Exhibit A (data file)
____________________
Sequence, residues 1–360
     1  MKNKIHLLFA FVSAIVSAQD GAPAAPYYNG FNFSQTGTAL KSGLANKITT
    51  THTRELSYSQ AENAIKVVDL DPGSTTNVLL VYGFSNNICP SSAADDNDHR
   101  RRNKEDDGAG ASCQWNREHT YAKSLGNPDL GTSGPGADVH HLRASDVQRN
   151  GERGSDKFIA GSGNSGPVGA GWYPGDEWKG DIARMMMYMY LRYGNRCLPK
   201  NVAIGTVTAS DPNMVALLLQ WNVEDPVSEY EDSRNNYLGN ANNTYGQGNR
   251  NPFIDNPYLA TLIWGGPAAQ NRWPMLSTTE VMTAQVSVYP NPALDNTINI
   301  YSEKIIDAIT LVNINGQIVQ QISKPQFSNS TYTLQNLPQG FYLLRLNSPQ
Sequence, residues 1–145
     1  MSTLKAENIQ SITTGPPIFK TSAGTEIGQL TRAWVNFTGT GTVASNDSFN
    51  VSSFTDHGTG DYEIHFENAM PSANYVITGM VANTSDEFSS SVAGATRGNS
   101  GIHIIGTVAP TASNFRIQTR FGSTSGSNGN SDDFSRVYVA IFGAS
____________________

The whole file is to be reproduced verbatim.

Sequence, residues 1–360
     1  MKNKIHLLFA FVSAIVSAQD GAPAAPYYNG FNFSQTGTAL KSGLANKITT
    51  THTRELSYSQ AENAIKVVDL DPGSTTNVLL VYGFSNNICP SSAADDNDHR
   101  RRNKEDDGAG ASCQWNREHT YAKSLGNPDL GTSGPGADVH HLRASDVQRN
   151  GERGSDKFIA GSGNSGPVGA GWYPGDEWKG DIARMMMYMY LRYGNRCLPK
   201  NVAIGTVTAS DPNMVALLLQ WNVEDPVSEY EDSRNNYLGN ANNTYGQGNR
   251  NPFIDNPYLA TLIWGGPAAQ NRWPMLSTTE VMTAQVSVYP NPALDNTINI
   301  YSEKIIDAIT LVNINGQIVQ QISKPQFSNS TYTLQNLPQG FYLLRLNSPQ
Sequence, residues 1–145
     1  MSTLKAENIQ SITTGPPIFK TSAGTEIGQL TRAWVNFTGT GTVASNDSFN
    51  VSSFTDHGTG DYEIHFENAM PSANYVITGM VANTSDEFSS SVAGATRGNS
   101  GIHIIGTVAP TASNFRIQTR FGSTSGSNGN SDDFSRVYVA IFGAS